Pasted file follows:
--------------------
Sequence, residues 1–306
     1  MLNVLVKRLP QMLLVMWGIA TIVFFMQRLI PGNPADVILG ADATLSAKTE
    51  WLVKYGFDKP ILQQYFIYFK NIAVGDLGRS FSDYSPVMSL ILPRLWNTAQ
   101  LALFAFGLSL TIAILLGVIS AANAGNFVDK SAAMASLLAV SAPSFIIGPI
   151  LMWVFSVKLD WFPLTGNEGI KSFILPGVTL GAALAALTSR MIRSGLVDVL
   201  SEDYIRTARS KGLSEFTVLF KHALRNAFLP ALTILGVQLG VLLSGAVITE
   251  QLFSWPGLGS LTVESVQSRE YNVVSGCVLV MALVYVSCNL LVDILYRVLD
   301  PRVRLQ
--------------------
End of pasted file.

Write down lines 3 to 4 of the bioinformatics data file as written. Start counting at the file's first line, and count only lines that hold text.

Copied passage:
    51  WLVKYGFDKP ILQQYFIYFK NIAVGDLGRS FSDYSPVMSL ILPRLWNTAQ
   101  LALFAFGLSL TIAILLGVIS AANAGNFVDK SAAMASLLAV SAPSFIIGPI